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Europe discovers Central Asia
30.03.07

MOSCOW. (Dosym Satpayev, member of the RIA Novosti Expert Council) –

In the 1990s, the only geopolitical players in Central Asia were Russia, the United States, China and some influential Muslim countries. Later on, the European Union came on the scene. Some EU members have been increasingly active in asserting their economic and political interests in the region. It is enough to mention the meeting of the Kazakh, Kyrgyz, Tajik, Turkmen and Uzbek foreign ministers with EU officials, which has just ended in Astana, the capital of Kazakhstan.

Indicatively, Germany initiated the meeting, and its foreign minister, Frank-Walter Steinmeier, headed the EU3 delegation, consisting of European Commissioner for External Relations Benita Ferrero-Waldner and EU Special Representative to Central Asia Pierre Morel.

Germany was the first European country to grasp the importance of Central Asia for security and energy supplies. Berlin has already announced that energy security will be high on the agenda during its EU presidency. It has been a key topic in EU relations with Kazakhstan. In December 2006, Kazakh President Nursultan Nazarbayev and head of the European Commission JosÊ Manuel Barroso signed a memorandum of energy understanding in Brussels. The text acknowledged Kazakhstan’s key role as a producer of oil and natural gas in the Caspian region, as well as the two sides’ mutual interest in promoting energy cooperation.

Symbolically, Polish President Lech Kaczynski paid an official visit to Astana at almost the same time as the EU3’s meeting. He is trying to promote oil and gas contacts in two areas. First, he is trying to persuade Kazakhstan to take part in the Odessa-Brody-Plotsk pipeline, which is being actively lobbied for by Ukraine and Poland. Second, he wants Polish oil and gas companies to be more active in developing Kazakh deposits.

Energy tensions between Russia and the West are compelling the EU to look for new sources of oil and gas. Together with EU Energy Commissioner Andris Piebalgs, Turkish, Austrian, Hungarian, Romanian and Bulgarian energy ministers have already endorsed a plan to build the Nabucco gas pipeline linking the EU with Central Asia while bypassing Russia. Its price tag is $5.8 billion. Kazakhstan has been given a major role in the project. The West has unmistakably sensed that despite its strategic partnership with Russia, Astana wants to have as many alternative energy transportation routes as possible. The project’s only problem is Turkmenistan, which was also supposed to take part in it. Because of Turkmen President Saparmurat Niyazov’s death, however, it is not clear whether this unpredictable republic will be involved, although the EU is interested in both Kazakhstan and Turkmenistan as energy suppliers.

Apart from energy, Germany is close to Kazakhstan for another reason. At one time, Berlin actively supported the idea of granting Astana the rotating chair of the Organization for Security and Cooperation in Europe (OSCE) in 2009. This year, Kazakhstan’s candidacy will be reviewed for the second time, and Germany’s EU presidency gives Astana hope.

Uzbekistan may also stand to gain from it. After the tragic events in Andijan, where Uzbek troops fired into a crowd of protestors, Germany was more loyal to the government in Tashkent, the capital, than other EU countries, which demanded that tough sanctions be imposed on it. Germany was largely motivated by a desire to keep an air base on Uzbek territory for supplying its military in Afghanistan. As opposed to the Americans, who had to leave their base in Khanabad near Karshi (which was an independent military facility), the Germans are renting an airfield at a civilian airport in the town of Termez for their cargo aircraft. Today, Uzbek President Islam Karimov would very much like the EU to lift the sanctions, that were imposed on Tashkent for its refusal to allow an international inquiry into the Andijan events, an embargo on arms supplies to Uzbekistan in particular. In this context, Tashkent was encouraged by a statement by Hugues Mingarelli, EU director for Eastern Eur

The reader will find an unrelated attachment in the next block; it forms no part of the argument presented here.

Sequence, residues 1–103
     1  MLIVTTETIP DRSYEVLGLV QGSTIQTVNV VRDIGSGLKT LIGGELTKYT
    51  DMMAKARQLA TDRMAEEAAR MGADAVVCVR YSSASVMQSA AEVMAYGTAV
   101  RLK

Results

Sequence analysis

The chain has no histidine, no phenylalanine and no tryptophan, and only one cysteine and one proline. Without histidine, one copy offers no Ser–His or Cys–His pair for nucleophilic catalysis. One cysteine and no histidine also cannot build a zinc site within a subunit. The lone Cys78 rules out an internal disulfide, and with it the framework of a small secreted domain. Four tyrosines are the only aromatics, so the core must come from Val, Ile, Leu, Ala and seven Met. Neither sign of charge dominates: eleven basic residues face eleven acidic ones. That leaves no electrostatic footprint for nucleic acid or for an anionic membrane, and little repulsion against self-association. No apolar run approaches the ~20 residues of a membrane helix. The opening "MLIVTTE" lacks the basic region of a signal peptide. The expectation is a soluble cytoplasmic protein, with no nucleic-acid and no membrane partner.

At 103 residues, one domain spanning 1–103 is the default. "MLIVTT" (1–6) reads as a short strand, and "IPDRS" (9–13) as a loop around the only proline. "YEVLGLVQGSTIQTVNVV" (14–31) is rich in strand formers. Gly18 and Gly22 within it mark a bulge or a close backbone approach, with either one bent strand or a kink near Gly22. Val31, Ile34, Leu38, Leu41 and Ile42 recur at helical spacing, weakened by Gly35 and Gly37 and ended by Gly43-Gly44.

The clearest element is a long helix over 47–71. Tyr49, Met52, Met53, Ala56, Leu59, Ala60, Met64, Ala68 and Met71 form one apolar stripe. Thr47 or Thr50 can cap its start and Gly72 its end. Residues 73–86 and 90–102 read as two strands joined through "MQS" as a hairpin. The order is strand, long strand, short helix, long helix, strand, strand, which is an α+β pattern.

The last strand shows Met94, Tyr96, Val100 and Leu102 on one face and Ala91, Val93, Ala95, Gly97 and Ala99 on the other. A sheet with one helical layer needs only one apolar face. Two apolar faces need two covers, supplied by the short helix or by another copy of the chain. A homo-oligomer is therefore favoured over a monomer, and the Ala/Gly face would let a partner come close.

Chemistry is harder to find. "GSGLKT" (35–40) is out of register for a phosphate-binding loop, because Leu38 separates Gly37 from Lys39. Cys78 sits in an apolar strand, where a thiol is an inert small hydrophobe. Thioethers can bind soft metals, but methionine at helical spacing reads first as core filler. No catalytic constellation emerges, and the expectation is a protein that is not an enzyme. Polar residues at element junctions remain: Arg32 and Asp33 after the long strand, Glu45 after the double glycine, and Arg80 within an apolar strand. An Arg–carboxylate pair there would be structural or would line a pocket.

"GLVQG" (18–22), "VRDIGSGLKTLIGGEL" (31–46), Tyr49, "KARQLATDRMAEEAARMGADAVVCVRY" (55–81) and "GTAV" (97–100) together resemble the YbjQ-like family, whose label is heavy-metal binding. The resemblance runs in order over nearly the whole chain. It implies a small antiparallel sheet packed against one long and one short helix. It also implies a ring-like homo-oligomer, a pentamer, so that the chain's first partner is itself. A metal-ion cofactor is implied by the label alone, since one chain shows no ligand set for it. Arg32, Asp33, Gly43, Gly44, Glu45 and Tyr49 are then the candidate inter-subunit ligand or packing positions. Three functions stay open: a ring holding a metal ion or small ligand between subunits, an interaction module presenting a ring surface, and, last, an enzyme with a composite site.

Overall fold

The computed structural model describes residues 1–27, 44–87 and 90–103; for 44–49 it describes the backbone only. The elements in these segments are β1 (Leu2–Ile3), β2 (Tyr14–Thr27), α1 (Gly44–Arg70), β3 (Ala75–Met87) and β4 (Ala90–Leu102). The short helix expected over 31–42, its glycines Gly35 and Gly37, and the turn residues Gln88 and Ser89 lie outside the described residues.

ope, the Caucasus and Central Asia, to the effect that Brussels intends to resume dialogue with Tashkent, and may revise its decision on sanctions because isolating Uzbekistan had failed to produce the desired effect. Karimov hopes Germany will help speed up this process.

The EU has not been paying as much attention to Kyrgyzstan. European politicians are unsure of the prospects of President Kurmanbek Bakiyev, especially now that former Prime Minister Felix Kulov has gone into opposition. Nor is it clear what policy the country will pursue. The Europeans are more interested in Tajikistan because it is close to Afghanistan, where NATO has its troops. Moreover, the country is a major conduit for drug trafficking. Helping to resolve this problem and counter religious extremism is the EU’s second priority in Central Asia after energy security.

At the same time, the EU should realize that the region represents five specific political and socio-economic systems, five different levels of integration into international relations, and five different levels of risk in Central Asia. Most probably, Germany will try to explain this to its EU partners. Hence, the EU should build its relations with each country individually. Central Asian republics have also abandoned a unilateral foreign orientation. Many of them have been maneuvering just like Kazakhstan has, and they will look at the EU through the prism of their economic and political interests, exploiting the geopolitical struggle in the region.

One of the aims of the EU3’s meeting with the five foreign ministers was to send out feelers for determining EU strategy in Central Asia, with its many unpredictable processes and rather high investment and political risks. -0-